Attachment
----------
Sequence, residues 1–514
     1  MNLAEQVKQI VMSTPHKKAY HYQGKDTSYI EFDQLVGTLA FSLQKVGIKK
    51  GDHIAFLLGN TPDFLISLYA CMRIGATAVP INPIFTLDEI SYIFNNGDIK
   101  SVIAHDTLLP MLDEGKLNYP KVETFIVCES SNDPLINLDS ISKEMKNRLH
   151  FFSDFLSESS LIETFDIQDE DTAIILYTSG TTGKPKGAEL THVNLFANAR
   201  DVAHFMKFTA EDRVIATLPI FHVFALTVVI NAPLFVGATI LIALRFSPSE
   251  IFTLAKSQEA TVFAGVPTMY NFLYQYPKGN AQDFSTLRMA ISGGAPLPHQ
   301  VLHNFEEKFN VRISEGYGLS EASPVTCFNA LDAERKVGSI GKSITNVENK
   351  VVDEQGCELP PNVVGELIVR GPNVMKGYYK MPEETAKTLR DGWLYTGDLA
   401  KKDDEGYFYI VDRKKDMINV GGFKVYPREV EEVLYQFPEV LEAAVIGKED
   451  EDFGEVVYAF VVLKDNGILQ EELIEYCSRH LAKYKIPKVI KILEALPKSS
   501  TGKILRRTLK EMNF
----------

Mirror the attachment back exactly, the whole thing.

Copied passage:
Sequence, residues 1–514
     1  MNLAEQVKQI VMSTPHKKAY HYQGKDTSYI EFDQLVGTLA FSLQKVGIKK
    51  GDHIAFLLGN TPDFLISLYA CMRIGATAVP INPIFTLDEI SYIFNNGDIK
   101  SVIAHDTLLP MLDEGKLNYP KVETFIVCES SNDPLINLDS ISKEMKNRLH
   151  FFSDFLSESS LIETFDIQDE DTAIILYTSG TTGKPKGAEL THVNLFANAR
   201  DVAHFMKFTA EDRVIATLPI FHVFALTVVI NAPLFVGATI LIALRFSPSE
   251  IFTLAKSQEA TVFAGVPTMY NFLYQYPKGN AQDFSTLRMA ISGGAPLPHQ
   301  VLHNFEEKFN VRISEGYGLS EASPVTCFNA LDAERKVGSI GKSITNVENK
   351  VVDEQGCELP PNVVGELIVR GPNVMKGYYK MPEETAKTLR DGWLYTGDLA
   401  KKDDEGYFYI VDRKKDMINV GGFKVYPREV EEVLYQFPEV LEAAVIGKED
   451  EDFGEVVYAF VVLKDNGILQ EELIEYCSRH LAKYKIPKVI KILEALPKSS
   501  TGKILRRTLK EMNF